Despite the rhetoric around the importance of customer experience, just nine per cent of marketers in a recent survey said they have engineered seamless experiences across online and offline channels, suggesting more of a channel-centric approach.
Raleigh, N.C.-based customer data platform vendor BlueVenn partnered with London Research for its report, Omnichannel Marketing Strategies, which is based on a global survey of 235 organizations with annual revenues of at least $50M.
As might be expected, the research attempts to highlight the value of adopting a CDP. The study showed, for instance, that organizations with CDPs are almost twice as likely to have fully synchronized cross-channel communications that are coordinated over time and tailored to match consumers’ needs, at 40 per cent vs. 24 per cent for non-CDP users.
Overall, though, the report also showed nearly half, or 45 per cent of brands are activity using customer journey mapping in some form. Perhaps because many of those initiatives are still in their early days, though, only a fifth , or 21 per cent, of those surveyed said they are designing integrated, omnichannel customer experiences across the customer lifecycle and at every touchpoint.
In a forward to the report, BlueVenn CEO Steve Klin suggested that CDP adoption has to come in tandem with a cultural shift within organizations to establish specific CX roles and departments. The 17 per cent of those who say they do this today is nowhere near good enough.
“This failing will continue to obstruct many marketers from realizing their goal of omnichannel excellence, and means that marketing systems and processes remain fragmented and channel-focused,” Klin wrote.
The report authors from London Research echoed this message, adding that senior leadership involvement should not be treated as a “vanity consideration” but an essential element in a CX strategy.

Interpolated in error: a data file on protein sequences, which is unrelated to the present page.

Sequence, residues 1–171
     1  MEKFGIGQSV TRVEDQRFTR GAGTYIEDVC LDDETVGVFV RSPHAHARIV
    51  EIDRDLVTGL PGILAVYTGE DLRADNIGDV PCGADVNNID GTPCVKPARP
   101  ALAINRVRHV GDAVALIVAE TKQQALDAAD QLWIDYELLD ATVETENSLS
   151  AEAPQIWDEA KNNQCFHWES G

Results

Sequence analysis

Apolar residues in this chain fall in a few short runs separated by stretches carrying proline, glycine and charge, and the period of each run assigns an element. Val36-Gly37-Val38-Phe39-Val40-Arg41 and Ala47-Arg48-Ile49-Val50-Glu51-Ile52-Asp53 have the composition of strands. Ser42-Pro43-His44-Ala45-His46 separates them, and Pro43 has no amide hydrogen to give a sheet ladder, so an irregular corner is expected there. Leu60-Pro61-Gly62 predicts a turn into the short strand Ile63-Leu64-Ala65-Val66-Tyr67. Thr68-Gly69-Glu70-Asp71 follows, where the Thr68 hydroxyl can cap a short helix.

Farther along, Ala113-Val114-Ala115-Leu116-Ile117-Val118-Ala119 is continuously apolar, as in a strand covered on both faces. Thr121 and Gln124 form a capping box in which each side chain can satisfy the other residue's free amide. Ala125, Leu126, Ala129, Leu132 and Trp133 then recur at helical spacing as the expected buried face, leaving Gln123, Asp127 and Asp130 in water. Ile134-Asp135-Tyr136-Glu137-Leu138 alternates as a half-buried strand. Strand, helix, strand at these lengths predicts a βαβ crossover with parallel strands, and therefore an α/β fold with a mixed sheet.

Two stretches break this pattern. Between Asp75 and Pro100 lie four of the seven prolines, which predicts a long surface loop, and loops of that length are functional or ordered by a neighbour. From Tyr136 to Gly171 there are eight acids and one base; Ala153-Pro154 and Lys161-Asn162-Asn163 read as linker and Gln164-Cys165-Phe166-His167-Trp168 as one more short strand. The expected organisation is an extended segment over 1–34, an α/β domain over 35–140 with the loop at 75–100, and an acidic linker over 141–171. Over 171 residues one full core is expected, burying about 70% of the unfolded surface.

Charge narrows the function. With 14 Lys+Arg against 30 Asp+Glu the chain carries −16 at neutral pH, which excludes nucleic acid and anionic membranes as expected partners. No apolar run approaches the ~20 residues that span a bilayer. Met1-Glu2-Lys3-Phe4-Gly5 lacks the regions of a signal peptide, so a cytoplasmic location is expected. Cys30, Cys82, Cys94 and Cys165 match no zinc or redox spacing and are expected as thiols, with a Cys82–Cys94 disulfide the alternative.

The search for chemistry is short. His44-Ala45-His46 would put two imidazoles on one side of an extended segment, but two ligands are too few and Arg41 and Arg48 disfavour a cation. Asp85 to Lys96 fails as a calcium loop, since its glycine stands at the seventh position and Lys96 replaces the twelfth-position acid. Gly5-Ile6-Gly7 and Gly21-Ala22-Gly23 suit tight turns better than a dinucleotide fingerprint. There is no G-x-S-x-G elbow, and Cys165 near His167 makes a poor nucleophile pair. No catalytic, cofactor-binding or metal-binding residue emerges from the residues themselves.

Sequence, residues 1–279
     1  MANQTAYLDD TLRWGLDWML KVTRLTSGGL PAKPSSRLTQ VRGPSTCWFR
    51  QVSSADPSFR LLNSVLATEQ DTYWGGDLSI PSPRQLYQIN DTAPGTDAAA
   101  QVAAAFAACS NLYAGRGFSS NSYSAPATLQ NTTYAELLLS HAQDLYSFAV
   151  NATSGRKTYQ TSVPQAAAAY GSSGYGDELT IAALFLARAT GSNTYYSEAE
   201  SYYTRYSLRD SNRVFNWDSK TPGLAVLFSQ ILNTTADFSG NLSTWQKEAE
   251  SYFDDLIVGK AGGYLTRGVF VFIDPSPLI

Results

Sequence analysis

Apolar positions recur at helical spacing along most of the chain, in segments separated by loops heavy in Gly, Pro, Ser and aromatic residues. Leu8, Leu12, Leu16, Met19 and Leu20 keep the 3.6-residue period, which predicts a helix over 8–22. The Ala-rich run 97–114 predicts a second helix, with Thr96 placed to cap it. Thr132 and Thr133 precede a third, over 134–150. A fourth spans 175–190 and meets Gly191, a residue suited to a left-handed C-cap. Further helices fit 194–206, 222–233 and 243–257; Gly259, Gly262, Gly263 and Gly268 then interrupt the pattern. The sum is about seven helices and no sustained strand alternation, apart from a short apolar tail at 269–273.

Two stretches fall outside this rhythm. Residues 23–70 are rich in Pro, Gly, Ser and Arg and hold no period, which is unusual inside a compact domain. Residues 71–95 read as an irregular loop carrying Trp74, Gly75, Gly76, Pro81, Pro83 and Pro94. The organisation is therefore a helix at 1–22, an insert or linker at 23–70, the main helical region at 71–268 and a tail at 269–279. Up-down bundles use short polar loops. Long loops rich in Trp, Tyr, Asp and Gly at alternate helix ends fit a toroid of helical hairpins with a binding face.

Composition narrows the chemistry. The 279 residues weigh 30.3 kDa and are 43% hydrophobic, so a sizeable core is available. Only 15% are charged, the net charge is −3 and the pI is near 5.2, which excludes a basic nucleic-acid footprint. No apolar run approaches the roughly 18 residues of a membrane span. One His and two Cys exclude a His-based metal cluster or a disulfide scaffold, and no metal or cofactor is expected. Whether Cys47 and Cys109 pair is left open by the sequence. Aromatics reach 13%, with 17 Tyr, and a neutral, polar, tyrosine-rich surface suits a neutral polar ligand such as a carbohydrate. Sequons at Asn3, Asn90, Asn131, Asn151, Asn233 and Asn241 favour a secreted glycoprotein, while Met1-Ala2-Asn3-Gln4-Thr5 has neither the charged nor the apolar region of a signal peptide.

“This ‘bottom-up’ coordination across channel teams will only flourish with clear ‘top-down’ direction and, ideally, hands-on, direct participation, from an executive-level sponsor,” the report said. “Clearly, executive-level business ownership is a critical factor in driving the scale of change required.”
360 Magazine Insight
Selling the enterprise on CDPs is not an easy job. About a year ago I talked to a Forrester analyst focused in this area who admitted there are still disputes about what truly constitutes a full-fledged CDP vs. a point product. This report is canny in aligning the data to support adoption with the organizational challenges involved in a more over-arching CX strategy.
Though I didn’t come across the actual title of “Chief Customer Officer,” the report leaves no question that marketing is the best function to execute on the insights a CDP could offer. It wasn’t entirely clear if the executive sponsor should have marketing report in, or simply partner with them:
This customer champion can provide a focal point for the enterprise-wide digital transformation program that is required to deliver seamless cross-channel experiences, to drive differentiation, advocacy and competitive advantage.
Honestly, that job description could work not only for a CCO but a CIO or even the CEO. There’s plenty in this report that shows how CDPs will deliver insights that feed into a variety of disciplines. If nothing else, this could help fuel discussions for who that owner should be.
Shane Schick tells stories that help people innovate, and to manage the change innovation brings. He is the former Editor-in-Chief of Marketing magazine and has also been Vice-President, Content & Community (Editor-in-Chief), at IT World Canada, a technology columnist with the Globe and Mail and Yahoo Canada and is the founding editor of ITBusiness.ca. Shane has been recognized for journalistic excellence by the Canadian Advanced Technology Alliance and the Canadian Online Publishing Awards.